June 1995
Volume 36, Issue 7
Free
Articles  |   June 1995
Effect of group B streptococcal meningitis on retinal and choroidal blood flow in newborn pigs.
Author Affiliations
  • I Bottoli
    Memorial Miller Children's Hospital, Long Beach, California, USA.
  • K Beharry
    Memorial Miller Children's Hospital, Long Beach, California, USA.
  • H D Modanlou
    Memorial Miller Children's Hospital, Long Beach, California, USA.
  • K Norris
    Memorial Miller Children's Hospital, Long Beach, California, USA.
  • E Ling
    Memorial Miller Children's Hospital, Long Beach, California, USA.
  • F Noya
    Memorial Miller Children's Hospital, Long Beach, California, USA.
  • M M Amato
    Memorial Miller Children's Hospital, Long Beach, California, USA.
  • J V Aranda
    Memorial Miller Children's Hospital, Long Beach, California, USA.
Investigative Ophthalmology & Visual Science June 1995, Vol.36, 1231-1239. doi:
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      I Bottoli, K Beharry, H D Modanlou, K Norris, E Ling, F Noya, M M Amato, J V Aranda; Effect of group B streptococcal meningitis on retinal and choroidal blood flow in newborn pigs.. Invest. Ophthalmol. Vis. Sci. 1995;36(7):1231-1239.

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Abstract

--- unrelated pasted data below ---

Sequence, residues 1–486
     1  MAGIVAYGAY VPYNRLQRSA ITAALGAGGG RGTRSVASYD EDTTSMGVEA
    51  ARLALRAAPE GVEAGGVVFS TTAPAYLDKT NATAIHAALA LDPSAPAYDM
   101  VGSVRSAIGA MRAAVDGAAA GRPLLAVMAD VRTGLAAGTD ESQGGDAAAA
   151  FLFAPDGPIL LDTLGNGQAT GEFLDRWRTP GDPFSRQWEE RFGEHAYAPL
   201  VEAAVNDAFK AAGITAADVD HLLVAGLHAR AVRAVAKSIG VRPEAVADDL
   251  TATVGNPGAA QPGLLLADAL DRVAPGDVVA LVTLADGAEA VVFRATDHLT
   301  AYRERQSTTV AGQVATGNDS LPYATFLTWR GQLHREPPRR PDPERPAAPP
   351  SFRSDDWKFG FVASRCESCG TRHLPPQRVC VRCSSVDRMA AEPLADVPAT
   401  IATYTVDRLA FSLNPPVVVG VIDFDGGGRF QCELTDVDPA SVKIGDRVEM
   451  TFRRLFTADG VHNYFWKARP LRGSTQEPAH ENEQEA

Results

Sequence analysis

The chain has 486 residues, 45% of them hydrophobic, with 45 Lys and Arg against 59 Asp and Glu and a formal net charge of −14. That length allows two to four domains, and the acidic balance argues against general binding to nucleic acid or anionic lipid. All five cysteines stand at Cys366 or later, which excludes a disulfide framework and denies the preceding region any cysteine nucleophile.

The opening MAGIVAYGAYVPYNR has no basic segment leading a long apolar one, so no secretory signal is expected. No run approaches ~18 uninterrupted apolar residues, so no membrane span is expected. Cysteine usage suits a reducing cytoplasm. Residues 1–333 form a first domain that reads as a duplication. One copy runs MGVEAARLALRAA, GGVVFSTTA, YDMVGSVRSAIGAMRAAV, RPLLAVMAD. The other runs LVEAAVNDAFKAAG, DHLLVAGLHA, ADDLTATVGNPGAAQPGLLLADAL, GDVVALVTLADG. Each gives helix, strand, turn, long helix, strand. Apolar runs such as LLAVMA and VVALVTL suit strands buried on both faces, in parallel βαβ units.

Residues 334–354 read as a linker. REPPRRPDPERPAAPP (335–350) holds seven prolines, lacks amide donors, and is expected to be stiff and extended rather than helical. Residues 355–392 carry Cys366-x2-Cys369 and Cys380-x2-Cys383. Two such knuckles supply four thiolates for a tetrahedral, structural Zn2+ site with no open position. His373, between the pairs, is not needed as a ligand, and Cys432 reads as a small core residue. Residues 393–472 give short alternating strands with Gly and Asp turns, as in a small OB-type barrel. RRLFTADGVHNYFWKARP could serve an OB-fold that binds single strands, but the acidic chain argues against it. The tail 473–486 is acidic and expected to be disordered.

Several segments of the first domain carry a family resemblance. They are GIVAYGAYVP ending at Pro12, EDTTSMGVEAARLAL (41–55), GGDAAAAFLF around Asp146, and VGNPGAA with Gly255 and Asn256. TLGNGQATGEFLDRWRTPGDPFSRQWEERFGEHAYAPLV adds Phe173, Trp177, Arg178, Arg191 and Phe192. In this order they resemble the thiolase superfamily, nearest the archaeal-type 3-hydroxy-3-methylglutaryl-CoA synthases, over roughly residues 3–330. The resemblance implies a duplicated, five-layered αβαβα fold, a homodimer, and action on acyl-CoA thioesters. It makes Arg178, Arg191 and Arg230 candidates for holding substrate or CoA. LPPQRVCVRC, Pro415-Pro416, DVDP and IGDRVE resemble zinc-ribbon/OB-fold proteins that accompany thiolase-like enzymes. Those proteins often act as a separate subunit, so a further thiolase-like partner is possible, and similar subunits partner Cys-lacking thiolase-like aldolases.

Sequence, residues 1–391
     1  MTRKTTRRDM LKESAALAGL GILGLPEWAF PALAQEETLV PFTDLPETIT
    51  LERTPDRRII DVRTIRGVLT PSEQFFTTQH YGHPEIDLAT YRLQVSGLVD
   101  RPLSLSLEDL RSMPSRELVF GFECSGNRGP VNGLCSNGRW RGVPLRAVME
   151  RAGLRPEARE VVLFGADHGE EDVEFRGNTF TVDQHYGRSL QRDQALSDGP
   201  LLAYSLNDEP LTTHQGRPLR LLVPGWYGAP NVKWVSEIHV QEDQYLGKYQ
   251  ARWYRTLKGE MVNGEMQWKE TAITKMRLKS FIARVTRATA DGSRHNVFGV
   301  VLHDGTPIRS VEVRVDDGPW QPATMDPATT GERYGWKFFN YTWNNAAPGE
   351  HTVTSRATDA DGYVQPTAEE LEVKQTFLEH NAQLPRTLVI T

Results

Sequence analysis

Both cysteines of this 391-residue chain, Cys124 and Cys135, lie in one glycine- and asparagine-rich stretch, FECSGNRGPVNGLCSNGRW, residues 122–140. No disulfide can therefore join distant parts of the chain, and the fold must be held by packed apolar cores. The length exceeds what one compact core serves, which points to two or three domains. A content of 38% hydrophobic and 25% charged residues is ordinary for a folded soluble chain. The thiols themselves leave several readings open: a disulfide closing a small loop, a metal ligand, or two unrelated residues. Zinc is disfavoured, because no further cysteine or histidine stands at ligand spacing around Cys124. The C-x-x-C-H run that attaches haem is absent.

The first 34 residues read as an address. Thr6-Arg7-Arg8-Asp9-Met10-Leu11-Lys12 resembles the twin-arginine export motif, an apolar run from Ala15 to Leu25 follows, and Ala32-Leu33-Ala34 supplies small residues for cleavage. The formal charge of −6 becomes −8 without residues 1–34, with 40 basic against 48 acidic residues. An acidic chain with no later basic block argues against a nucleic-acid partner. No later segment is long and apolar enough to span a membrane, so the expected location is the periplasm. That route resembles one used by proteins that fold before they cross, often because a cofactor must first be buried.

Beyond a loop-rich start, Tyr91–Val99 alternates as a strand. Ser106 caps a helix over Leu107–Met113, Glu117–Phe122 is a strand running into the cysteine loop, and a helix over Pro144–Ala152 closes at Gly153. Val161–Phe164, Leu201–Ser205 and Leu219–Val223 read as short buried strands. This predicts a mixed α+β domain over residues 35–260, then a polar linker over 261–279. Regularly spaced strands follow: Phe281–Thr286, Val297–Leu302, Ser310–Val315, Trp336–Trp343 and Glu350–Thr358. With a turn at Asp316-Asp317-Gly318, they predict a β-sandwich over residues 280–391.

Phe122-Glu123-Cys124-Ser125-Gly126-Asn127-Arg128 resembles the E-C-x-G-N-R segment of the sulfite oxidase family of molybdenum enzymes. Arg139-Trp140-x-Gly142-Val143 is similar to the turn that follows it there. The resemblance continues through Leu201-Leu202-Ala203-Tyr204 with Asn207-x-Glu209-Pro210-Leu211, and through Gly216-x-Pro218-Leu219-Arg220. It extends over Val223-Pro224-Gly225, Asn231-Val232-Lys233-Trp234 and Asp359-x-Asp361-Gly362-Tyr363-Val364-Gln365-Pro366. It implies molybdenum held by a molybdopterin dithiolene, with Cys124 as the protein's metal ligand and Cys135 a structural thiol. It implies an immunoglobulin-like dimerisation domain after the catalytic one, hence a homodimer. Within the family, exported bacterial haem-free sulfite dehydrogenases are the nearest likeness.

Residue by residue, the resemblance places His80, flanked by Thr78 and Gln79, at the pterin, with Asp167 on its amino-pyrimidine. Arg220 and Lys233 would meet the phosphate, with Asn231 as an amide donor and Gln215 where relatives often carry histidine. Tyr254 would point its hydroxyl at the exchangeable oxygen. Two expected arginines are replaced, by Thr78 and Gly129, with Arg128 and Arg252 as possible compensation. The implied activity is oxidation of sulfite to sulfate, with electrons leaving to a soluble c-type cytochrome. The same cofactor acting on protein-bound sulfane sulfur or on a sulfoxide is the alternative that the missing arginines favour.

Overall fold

PURPOSE: To assess the effect of group B streptococcal (GBS) meningitis on retinal blood flow (RetBF) and choroidal blood flow (ChBF) autoregulation in sedated newborn piglets (1 to 5 days of age). METHODS: Fourteen study animals injected with 0.5 ml heat-killed GBS (10(9)) were compared to 10 control animals injected with 0.5 ml saline. The site of injection for both groups was the cerebral lateral ventricles. RetBF and ChBF were measured by radioactive microspheres (141Ce, 51Cr, 113Sn, 85Sr, 95Nb, 46Sc) over a mean arterial blood pressure (MABP) range of 20 to 150 mm Hg. Hypertension and hypotension were induced 2 hours apart in random sequence on each animal by inflating balloon-tipped catheters placed at the descending aorta and the aortic root, respectively. RetBF and ChBF were measured 15 minutes before and after injection of GBS or saline (baseline) and during hypotension or hypertension. RESULTS: Fifth-order polynomial regression analyses of RetBF and ChBF (ml/100 g per minute) versus MABP showed that in control animals, blood flows were constant at MABP of 60 to 110 mm Hg for RetBF and was pressure passive above and below these ranges. However, no autoregulation was observed for ChBF throughout the MABP range. In contrast, RetBF of GBS-treated animals increased with increasing blood pressure throughout range of MABP studied, and absence of autoregulation was maintained in the choroid. Vascular resistance (mm Hg/ml per minute/100 g) increased as MABP was raised to maintain constant flow and was correlated linearly with MABP at 60 to 110 mm Hg (r = 0.6682, P = 0.0003) in RetBF of control animals but not in GBS-treated animals (r = -0.291, P = NS). Vascular resistance did not change with MABP for ChBF of control animals (r = -0.264, P = NS) but decreased as MABP was raised in GBS-treated animals (r = -0.548, P < 0.0001). GBS did not alter oxygen delivery, which varied directly with MABP in control animals (RetBF: r = 0.74, P < 0.001; ChBF: r = 0.68, P < 0.001) and in GBS-treated animals (RetBF: r = 0.55, P < 0.001; ChBF: r = 0.68, P < 0.001). CONCLUSION: Group B streptococcal meningitis significantly impairs eye blood flow autoregulation and may contribute to increased risk of retinal damage in infants with meningitis.

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